Tuesday, September 30th, 2014

Caring For Flowers 150x150 How to Preserve Your Floral Singles, Bunches, and Rounds Right before the Wedding

Now’s a good time to remind you that many floral varieties require a water source to keep them from wilting quickly if their stems are not sitting comfortably in water. Timing is everything with all aspects of weddings, so you want to be sure that the bouquets are stored in the perfect conditions before the wedding so that they’re fresh, quenched, and beautiful for the three to five hours of your celebration.

The detail of any flower’s or bouquet’s wellness could very well determine the style of bouquet you want and the types of flowers you will include in it. Perhaps you can easily supply a good water source for notoriously thirsty flowers, such as hydrangeas, which should be kept in water until the moment they’re attached into a bouquet and the stems given a small water capsule attachment as an all-day water source. Or maybe you’d rather not deal with water issues, so you’ll choose hardier flowers that can go on a few hours without water.

The heat on your wedding day is also a factor in the types of blooms you’ll choose, and how you’ll keep your singles, bunches, rounds, or other bouquets cool and comfortable until the moment they’re needed.

Make Sure To Keep Singles and Ribbon-Tied Bunches in Water

  • Before the wedding, as you dress and pose for photos, your single flowers and ribbon-tied bunches should be placed in vases with an inch of two of water.
  • A low-set amount of water will keep handle wraps from getting soaked.
  • Don’t shock flowers with ultra cold water. Make sure the vase water is just on the cool side.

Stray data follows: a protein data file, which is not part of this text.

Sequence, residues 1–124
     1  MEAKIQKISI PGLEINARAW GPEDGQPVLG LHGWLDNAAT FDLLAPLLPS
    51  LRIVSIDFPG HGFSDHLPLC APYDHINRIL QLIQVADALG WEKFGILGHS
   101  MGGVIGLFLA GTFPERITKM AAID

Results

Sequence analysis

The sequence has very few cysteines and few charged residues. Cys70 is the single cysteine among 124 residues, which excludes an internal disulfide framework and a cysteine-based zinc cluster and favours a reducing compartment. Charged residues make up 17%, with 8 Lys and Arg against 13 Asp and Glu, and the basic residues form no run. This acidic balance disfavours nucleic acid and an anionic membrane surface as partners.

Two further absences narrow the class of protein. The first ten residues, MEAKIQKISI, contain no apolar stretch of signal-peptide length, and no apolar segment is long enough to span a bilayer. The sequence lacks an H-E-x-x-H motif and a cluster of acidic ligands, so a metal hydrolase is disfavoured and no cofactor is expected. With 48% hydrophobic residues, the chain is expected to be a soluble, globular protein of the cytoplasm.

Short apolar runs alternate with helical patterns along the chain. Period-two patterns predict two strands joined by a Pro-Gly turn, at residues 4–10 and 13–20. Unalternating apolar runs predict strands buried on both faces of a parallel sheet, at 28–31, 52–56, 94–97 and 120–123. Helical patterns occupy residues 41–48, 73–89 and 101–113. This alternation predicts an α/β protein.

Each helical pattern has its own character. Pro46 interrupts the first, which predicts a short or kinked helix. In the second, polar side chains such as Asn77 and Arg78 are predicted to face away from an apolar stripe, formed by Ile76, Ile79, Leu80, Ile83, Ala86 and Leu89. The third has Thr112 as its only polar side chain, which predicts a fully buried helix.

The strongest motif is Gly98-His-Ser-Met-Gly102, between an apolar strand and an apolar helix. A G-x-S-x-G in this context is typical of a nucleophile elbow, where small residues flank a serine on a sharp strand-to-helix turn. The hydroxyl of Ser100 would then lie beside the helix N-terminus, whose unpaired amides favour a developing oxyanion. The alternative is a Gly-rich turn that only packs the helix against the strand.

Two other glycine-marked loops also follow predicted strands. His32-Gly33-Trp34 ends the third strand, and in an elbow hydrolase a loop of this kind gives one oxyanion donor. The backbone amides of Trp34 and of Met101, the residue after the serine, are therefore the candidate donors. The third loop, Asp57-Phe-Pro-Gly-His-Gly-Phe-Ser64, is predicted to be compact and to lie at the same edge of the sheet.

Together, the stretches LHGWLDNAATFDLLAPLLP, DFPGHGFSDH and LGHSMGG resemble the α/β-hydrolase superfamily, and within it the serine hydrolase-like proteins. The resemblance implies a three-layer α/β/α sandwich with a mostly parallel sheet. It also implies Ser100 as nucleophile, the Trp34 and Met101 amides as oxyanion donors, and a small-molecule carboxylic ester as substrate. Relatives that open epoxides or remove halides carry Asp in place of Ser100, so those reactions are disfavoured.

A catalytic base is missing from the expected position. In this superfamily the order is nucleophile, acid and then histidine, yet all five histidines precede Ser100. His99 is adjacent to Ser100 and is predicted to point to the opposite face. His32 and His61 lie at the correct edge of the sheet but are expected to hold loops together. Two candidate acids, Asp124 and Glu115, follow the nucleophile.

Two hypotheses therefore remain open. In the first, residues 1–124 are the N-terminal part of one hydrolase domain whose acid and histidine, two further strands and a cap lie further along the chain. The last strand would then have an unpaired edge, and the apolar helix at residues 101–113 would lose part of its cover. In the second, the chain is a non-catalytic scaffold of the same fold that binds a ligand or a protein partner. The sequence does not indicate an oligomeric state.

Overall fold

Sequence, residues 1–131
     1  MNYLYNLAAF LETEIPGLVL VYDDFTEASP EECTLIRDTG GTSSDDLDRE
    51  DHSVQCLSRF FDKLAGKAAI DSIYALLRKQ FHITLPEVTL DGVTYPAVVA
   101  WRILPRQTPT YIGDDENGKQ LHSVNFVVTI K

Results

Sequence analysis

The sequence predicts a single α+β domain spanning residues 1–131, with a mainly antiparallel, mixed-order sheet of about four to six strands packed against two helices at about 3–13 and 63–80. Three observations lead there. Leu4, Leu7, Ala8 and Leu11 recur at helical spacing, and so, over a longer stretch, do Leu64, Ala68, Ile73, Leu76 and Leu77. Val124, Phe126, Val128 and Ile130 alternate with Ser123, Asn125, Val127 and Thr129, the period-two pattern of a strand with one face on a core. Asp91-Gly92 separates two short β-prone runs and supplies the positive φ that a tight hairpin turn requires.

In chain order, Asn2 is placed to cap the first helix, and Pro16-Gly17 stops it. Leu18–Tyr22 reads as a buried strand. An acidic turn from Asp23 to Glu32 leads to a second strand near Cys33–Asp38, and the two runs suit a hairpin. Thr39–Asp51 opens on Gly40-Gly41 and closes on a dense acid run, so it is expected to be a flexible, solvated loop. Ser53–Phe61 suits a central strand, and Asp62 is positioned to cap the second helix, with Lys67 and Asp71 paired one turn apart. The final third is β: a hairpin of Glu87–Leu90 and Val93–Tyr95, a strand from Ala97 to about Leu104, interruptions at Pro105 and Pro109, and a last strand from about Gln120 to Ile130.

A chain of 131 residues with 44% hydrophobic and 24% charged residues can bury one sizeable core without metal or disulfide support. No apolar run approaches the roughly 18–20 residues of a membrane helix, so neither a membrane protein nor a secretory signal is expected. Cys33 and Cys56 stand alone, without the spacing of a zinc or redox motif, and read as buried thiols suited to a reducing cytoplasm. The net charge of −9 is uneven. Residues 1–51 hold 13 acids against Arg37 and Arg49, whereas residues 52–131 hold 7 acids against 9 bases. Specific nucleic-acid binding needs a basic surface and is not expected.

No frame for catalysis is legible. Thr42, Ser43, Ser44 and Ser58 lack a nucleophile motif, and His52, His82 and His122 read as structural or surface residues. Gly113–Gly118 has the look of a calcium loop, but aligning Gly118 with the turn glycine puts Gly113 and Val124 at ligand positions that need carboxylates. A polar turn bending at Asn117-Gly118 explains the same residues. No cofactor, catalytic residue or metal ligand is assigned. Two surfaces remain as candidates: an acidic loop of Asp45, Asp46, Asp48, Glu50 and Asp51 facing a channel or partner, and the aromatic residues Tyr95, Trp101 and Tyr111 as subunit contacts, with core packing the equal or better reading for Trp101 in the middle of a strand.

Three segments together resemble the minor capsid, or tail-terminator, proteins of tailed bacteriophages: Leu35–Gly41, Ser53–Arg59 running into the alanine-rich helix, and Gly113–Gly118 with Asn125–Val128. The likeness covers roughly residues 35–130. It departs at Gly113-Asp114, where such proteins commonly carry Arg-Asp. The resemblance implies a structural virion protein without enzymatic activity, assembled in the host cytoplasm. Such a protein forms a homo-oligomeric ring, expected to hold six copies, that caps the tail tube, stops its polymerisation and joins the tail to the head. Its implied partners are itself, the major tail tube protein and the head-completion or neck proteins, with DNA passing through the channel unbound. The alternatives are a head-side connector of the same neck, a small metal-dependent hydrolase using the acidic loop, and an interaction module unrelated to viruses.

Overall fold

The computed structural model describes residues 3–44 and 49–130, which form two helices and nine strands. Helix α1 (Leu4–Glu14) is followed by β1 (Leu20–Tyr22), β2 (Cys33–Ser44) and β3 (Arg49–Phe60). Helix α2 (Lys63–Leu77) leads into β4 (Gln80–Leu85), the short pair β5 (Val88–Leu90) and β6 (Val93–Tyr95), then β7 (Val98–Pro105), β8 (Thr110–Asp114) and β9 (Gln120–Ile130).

• No need to add flower food to vases that hold your wedding day bouquets. These powdery chemicals shouldn’t get on your hands.

Make Sure To Keep Bouquets, Boutonnieres, and Corsages in a Cooler

  • Take any measure to keep bouquets, boutonnieres, and corsages, cool and fresh during transportation to the ceremony site and during waiting time.
  • Use an oasis, which is a spongy water source used by florists, to keep the stems immersed in a portable water source during transport and waiting time.
  • Oversize thermal coolers are ideal for transporting and storing bouquets.

Make Sure To Keep Bouquets and Corsages in a Refrigerator

  • Arrange for your site manager to clear out a shelf in a walk-in-refrigerator for the pre-wedding storage of your bouquet and corsages.
  • Be sure that bouquets are well spaced on the refrigerator shelves so that they do not bump into and break each other.
  • Do not store your flowers in mini-size or travel refrigerator, as they simply are not large enough.
  • Bouquets fit better in a refrigerator when standing upright in individual, secure vases. This elevation protects a round.

Make Sure To Keep Centerpieces and Bouquets Set as Décor

  • Singles and bunches can double duty as table centerpieces, so set out vases to hold you and your bridesmaids’ bouquets on guest tables.
  • Preserve the round shape of a bunch by propping it up in a tall, wide-mouthed vase.
  • A grouping of three to five singles of bunches can serve as décor on the cake, gift, or guest book tables.
  • Singles, bunches, nosegays, and pomanders can be set on mantles and windowsills as (free) extra décor for the site.

If you are planning a wedding or social event, we at Whole Blossoms Wholesale Flowers would love to provide you with the freshest flowers available. We offer FREE SHIPPING and incredibly low prices. Please visit our website at www.wholeblossoms.com.

 

 

 

4 Kinds of Branches That Will Help Your Floral Design

Sunday, September 28th, 2014